For the last couple of years marketers have been chasing a dream. The great promise, the Holy Grail of social media, is user generated content – the marketing that is produced by the advocates of your brand. In a utopian world, this user generated marketing “goes viral” – registering millions of impressions/plays/hits on sites like YouTube or Facebook. But I am here to tell you this – we’ve been chasing our tails. We’ve been focusing on the wrong thing – and the iPad is going to prove it.

In social media, we struggle with the immutable 90-9-1 rule. Basically, we have found that when it comes to user participation, only 1% of our social group will CREATE content. Jakob Nielsen calls this participation inequality. Ben O’Connell and Jackie Huba evangelised these one percenters – the citizen marketer and changed the way that we thought about our audience. But even Wikipedia – the great user generated content success story of the Social Web – butts up against the 1% participation rate.

And yet, we constantly search for ways to overcome this barrier – to drive up participation. If we could double our productive audience, then imagine the power and the crowdsourced creativity! We could unleash Clay Shirky’s cognitive surplus. We could transform the world. Now, there are undoubtedly ways to improve participation (you can get significantly higher participation in internal enterprise transformation projects for example), but the real revolution is not in the creation of user generated content, but in its consumption.

One of the things that I have been interested in recently is the principle that EASE OF USE drives CONSUMPTION. I discussed some of my work in this area with Christina Kerley for a B2B case study (subscription required, but hey, it’s MarketingProfs and totally worth it). By removing the barriers to use – of your website, your product or service etc, you are actually able to quickly and demonstrably drive its use. Not only that, by changing the pattern of usage you are also changing the buyer behaviours associated with your brands and products, and this in turn changes the way that your brand or product is perceived.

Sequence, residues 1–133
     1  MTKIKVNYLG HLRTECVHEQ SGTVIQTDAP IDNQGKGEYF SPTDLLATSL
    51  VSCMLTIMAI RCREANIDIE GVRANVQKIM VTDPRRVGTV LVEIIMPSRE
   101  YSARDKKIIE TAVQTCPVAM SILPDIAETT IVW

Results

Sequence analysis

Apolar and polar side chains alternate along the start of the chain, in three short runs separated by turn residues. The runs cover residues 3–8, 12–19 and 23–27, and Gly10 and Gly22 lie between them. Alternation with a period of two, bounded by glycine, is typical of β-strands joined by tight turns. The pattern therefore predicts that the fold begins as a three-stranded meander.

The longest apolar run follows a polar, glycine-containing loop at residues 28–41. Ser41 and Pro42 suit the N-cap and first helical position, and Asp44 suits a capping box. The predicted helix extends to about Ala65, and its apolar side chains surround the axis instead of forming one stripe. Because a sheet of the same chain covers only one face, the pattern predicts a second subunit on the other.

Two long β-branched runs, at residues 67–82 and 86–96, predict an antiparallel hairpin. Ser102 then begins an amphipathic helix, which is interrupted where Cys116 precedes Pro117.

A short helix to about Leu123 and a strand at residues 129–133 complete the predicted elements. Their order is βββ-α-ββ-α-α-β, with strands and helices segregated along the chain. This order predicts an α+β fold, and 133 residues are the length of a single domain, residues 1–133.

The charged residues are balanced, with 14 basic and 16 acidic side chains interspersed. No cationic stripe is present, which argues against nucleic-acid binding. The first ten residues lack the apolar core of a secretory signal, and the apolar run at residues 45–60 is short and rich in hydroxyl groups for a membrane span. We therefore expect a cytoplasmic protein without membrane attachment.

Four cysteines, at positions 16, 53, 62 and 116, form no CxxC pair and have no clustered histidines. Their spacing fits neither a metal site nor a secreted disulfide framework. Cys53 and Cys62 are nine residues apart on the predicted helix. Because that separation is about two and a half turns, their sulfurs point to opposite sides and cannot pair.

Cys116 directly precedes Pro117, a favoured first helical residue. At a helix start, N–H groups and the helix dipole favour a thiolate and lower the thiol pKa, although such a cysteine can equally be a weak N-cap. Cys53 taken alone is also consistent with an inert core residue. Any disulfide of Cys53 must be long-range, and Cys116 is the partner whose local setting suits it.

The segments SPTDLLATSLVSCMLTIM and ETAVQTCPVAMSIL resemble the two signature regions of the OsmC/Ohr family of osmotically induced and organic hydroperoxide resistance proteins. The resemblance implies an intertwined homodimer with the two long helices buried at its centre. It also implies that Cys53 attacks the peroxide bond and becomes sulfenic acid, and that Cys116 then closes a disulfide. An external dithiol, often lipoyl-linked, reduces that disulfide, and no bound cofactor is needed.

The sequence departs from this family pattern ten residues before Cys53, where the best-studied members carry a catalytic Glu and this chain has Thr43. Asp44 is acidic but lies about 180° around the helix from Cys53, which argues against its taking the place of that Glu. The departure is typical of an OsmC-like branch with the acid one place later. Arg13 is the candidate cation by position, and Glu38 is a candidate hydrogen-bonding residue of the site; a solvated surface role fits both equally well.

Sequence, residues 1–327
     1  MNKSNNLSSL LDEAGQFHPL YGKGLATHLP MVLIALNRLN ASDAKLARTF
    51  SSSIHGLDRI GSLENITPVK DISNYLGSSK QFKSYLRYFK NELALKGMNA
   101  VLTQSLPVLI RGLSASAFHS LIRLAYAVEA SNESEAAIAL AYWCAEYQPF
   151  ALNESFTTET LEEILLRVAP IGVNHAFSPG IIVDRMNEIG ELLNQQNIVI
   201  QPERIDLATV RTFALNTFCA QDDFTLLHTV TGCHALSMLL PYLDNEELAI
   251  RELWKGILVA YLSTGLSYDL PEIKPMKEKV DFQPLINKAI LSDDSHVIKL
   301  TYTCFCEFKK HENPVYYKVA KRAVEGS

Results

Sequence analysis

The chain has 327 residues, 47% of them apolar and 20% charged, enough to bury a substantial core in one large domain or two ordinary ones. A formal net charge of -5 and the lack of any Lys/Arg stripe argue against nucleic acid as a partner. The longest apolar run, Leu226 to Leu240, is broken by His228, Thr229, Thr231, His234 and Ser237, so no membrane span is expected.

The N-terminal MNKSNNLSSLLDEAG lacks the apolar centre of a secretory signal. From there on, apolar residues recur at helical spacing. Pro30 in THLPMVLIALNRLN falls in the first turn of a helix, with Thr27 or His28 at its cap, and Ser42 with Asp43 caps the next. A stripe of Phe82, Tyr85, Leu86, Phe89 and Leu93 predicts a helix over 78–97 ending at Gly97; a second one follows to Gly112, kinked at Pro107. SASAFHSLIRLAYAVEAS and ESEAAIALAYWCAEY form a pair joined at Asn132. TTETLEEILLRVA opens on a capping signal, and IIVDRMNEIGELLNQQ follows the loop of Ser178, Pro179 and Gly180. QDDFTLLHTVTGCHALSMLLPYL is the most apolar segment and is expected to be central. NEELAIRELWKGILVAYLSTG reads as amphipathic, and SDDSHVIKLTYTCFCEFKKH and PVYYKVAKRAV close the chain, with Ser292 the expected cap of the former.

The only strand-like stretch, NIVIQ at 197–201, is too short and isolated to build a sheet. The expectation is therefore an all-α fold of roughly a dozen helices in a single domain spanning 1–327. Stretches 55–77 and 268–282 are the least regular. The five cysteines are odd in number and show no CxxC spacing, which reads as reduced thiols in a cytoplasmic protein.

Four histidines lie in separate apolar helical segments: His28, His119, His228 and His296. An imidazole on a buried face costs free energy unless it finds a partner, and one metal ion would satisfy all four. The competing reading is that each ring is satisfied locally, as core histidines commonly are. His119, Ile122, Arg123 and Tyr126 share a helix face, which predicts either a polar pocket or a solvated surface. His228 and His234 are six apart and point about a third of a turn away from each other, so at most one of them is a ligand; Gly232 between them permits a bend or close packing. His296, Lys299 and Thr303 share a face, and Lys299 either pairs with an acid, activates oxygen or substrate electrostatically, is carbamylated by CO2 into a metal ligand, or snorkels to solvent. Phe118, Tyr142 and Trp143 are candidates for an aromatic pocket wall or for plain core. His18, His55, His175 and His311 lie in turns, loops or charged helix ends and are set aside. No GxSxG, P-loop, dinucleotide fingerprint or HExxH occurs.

And this is where the iPad comes in.

With almost zero functionality for content creators, Apple is turning its back on the the one percenters: the creative classes who have evangelised their products for years. The focus now is on CREATIVE CONSUMPTION, making the mass of user generated and branded content more easily accessible, more relevant and useful and bringing it to an audience who – in my opinion – have yet to openly adopt web technologies and the promise of the Social Web.

cadillac_ch_ipad-600x498 This will challenge agencies and brands alike. Some are responding already – like the work that BBH are doing with Cool Hunter and Cadillac. But this is just the beginning. The iPad app store is bound to explode in the same way that the iPhone app store did. Importantly, I expect this to open NEW markets – with non-computer users such as my parents and grandparents to finally begin participating in online markets.

But this is a whole new market. The focus is no longer on the early adopters – the one percenters – but on those who have NO INTEREST in content creation. Our ongoing focus will need to be on the NONE PERCENTERS – those new audiences attracted by the ease of use and social cachet attached to the iPad. Perhaps, for the first time, marketing attention will fall on the zeros – those who sit outside our 90-9-1 demographics – and I have a feeling they will prove far more valuable than the 100% who have dominated our lives more recently.

Are you and your brand ready to deal with the zeros?